Statism: Warfare, Welfare, and Cultural Violence

Destruction in Lebanon

The violence in our culture is appalling, heinous, tragic, entirely predictable and yet not uncommon. As an individualist, the use of words such as a “society” or “culture” must not be afforded the status or rights of an individual, but the concepts are necessary and can remain useful in discussing cultural ills. The “culture” referred to in this article is simply the amalgams of human values and tastes across the world. It is important not to focus simply on the blatantly forceful culture of the United States but to focus on the world large. The purpose of this article is to offer a simple thesis as to a contributing cause behind these acts of violence that we have become all too familiar with.

As is the case with many distorted and corrupted issues in our time, we can begin with the real meanings of certain terms as they are used to misconstrue one good idea after another. (See liberalism, capitalism, etc…) The foreign policies of the U.S. and the majority of the Western world have since before WWII, dramatically shifted back towards the Mercantilist ideals of the late middle ages.  The populace of any given nation has never been too fond of their overlord’s imperial adventures, and they especially hate footing the bill. Serving to change public opinion the term “Isolationist” was dragged through the mud and defined as a derogatory label that Murray Rothbard referred to as meaning “If not actively pro-Nazi, “isolationists” at the very least were narrow-minded ignoramuses ignorant of the world around them.”1

Rothbard again pointed out that it was not enough to simply make up a word and ruin it, but that a word with positive connotations must be redefined. “Until the smear campaign of the 1930s, opponents of war were considered the true “internationalists”, men who opposed the aggrandizement of the Nation State and favored peace, free trade, free migration and free cultural exchanges…”2.

So here is where we have a shift in lexicon that allows entirely imperialistic exercises of government to be sold to the populace as acts of internationalism, multi-culturalism and all that other crap that doesn’t have any meaning.

When the government acts on our behalf overseas it plays by no rules. They are bullying other kids on the playground of the world, and what happens to bullies? This is an oversimplification of the principle of blowback, but it can’t be overlooked in terms of international/political violence. The same behavior that sparks the blowback we have experienced also sparks terror here at home.

In much of the West, and the United States in particular, the governments are over-the-top paternalistic. They treat the ‘citizenry’ as if they are at best useful idiots, and at worse in the way of “collective progress”.  It is naïve to think that people will react differently to governments doing the bullying than they would if it were anyone else. Of course it is not as easy to deal with the Leviathan that is the State as it is the playground bully. To punch Uncle Sam in the nose is a suicide wish. But it is equally naïve to assume that the anguish and discontent created by the policies of the State will simply wash away unnoticed.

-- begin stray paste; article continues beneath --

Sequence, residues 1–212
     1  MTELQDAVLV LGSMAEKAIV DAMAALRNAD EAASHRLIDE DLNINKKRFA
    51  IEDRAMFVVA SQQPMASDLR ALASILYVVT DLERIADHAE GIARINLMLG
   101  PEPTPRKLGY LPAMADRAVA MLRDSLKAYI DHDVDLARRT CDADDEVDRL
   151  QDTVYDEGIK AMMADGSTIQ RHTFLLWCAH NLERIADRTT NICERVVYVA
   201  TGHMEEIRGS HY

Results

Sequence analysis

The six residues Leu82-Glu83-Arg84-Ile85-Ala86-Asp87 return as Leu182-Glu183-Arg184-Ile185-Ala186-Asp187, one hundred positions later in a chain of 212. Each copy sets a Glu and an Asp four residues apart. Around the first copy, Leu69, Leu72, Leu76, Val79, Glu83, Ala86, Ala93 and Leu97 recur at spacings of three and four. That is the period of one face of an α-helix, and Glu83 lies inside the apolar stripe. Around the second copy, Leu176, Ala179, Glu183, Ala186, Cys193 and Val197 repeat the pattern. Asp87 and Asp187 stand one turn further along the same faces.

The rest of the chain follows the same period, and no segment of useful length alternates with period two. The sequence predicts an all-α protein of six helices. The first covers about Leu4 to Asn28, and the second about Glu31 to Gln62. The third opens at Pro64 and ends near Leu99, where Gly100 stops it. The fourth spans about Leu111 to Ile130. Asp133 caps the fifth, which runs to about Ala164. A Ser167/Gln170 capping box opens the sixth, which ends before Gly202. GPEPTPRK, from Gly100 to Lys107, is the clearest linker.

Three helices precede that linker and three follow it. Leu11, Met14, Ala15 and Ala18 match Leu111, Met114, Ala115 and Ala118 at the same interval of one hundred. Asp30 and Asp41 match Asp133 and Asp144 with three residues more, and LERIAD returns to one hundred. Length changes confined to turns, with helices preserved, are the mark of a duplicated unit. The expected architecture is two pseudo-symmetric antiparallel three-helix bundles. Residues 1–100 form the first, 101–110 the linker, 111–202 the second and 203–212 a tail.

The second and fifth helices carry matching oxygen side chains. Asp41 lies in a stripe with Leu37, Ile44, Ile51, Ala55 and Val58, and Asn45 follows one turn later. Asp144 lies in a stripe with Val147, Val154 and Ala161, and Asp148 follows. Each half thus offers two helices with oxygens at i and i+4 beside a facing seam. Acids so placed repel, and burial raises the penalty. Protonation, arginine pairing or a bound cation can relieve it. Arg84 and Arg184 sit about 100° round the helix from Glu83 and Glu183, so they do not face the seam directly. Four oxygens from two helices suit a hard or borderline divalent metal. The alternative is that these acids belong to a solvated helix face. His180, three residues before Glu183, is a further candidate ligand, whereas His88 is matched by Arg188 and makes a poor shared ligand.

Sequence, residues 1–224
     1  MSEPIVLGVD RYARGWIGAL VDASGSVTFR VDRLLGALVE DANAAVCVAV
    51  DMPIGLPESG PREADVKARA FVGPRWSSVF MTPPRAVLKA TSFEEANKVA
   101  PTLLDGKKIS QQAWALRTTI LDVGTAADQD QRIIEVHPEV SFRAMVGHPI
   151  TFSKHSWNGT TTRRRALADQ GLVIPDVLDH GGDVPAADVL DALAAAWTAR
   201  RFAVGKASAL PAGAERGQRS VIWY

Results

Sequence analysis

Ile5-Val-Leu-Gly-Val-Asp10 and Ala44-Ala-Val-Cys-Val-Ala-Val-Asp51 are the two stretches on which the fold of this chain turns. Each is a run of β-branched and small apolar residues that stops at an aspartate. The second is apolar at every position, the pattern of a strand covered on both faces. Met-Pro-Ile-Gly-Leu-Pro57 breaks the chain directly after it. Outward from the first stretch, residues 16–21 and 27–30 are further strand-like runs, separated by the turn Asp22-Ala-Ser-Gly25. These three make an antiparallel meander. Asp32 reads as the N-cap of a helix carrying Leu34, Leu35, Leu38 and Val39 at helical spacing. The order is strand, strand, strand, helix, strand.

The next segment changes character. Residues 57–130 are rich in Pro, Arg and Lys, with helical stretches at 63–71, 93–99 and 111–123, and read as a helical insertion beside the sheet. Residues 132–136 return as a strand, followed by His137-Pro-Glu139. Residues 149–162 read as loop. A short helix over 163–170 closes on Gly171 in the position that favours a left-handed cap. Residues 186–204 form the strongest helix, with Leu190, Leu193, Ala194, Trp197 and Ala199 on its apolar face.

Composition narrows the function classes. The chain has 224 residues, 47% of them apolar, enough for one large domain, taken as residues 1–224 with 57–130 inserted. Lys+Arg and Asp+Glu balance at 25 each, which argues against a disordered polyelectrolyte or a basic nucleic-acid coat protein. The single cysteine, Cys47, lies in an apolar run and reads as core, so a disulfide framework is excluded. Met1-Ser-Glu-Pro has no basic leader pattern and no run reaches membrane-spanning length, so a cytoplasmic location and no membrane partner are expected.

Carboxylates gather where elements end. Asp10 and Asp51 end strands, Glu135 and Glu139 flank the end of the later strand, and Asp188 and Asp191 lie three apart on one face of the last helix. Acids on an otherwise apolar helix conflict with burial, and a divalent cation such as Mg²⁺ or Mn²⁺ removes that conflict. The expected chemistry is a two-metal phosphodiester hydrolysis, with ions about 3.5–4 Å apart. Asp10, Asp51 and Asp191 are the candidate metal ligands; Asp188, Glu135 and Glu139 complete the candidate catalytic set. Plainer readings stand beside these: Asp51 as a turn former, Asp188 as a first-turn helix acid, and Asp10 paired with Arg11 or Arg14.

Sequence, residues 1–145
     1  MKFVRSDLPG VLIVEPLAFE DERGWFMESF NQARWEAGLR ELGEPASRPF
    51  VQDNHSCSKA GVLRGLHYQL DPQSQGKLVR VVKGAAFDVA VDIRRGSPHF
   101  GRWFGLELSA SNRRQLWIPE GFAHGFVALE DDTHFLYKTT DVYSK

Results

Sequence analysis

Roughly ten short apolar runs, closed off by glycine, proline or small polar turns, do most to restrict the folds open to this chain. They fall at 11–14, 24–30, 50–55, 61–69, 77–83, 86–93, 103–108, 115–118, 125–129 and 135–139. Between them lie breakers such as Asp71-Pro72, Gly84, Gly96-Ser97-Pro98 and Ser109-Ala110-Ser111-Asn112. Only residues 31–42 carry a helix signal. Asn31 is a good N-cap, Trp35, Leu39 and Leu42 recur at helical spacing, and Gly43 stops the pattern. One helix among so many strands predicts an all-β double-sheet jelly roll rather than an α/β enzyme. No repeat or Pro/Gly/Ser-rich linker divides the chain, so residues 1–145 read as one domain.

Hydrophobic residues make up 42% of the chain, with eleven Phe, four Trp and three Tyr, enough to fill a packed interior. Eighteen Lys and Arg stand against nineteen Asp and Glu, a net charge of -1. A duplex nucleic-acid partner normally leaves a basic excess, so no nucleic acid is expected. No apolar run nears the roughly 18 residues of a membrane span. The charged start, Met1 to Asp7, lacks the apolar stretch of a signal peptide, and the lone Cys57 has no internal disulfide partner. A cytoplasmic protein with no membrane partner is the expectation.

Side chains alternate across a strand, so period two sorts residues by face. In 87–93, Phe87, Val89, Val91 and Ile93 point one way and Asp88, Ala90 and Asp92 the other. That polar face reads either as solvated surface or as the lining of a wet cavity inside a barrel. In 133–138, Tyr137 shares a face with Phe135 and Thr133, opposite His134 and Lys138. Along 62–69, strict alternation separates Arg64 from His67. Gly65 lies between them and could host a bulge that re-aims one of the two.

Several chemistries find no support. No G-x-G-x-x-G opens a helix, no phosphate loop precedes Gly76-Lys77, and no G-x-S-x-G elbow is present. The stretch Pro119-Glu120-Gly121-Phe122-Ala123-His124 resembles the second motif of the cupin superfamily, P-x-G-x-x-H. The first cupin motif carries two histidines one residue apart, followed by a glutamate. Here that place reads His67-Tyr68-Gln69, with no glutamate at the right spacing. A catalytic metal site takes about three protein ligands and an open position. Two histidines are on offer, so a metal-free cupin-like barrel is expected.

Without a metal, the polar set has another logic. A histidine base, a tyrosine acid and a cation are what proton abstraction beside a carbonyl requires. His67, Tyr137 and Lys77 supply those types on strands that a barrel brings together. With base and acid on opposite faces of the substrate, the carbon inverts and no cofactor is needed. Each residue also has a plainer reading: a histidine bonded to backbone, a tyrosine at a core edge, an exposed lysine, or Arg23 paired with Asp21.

I do not have any extra knowledge as to what motivated the murderers in Blacksburg, Aurora, Newtown, Boston, Libya, Afghanistan, Iraq or Syria. No matter the aggressor, be it the U.S., NATO, Iran, or foreign/domestic terrorists there is one commonality. Everyone alive on Earth today has grown up under the blanket of force that we call the state.

Whether it be through the foreign policy of any number of nation States, or the violent nature of the welfare state, violence is constant in our lives. There can be no effective discussion of cultural ills until the amount of violence and coercion in our lives is recognized. Statism is a kind of slow and painful torture. People react in a million different ways. Some develop a sort of “Stockholm Statism”, and others submit peacefully so to protect their families. Others react violently and irrationally. Does that sound familiar?

A child grows up and imitates the bad habits of their parents. When kids of the paternal state grow up, do they see a problem with violence? Or do they see it as the answer?

Notes 1 and 2: Rothbard, Murray Newton. “War and Foreign Policy.” For A New Liberty: The Libertarian Manifesto. Rev. ed. San Francisco, Calif.: Fox & Wilkes, 1978. 329-330. e-Book.

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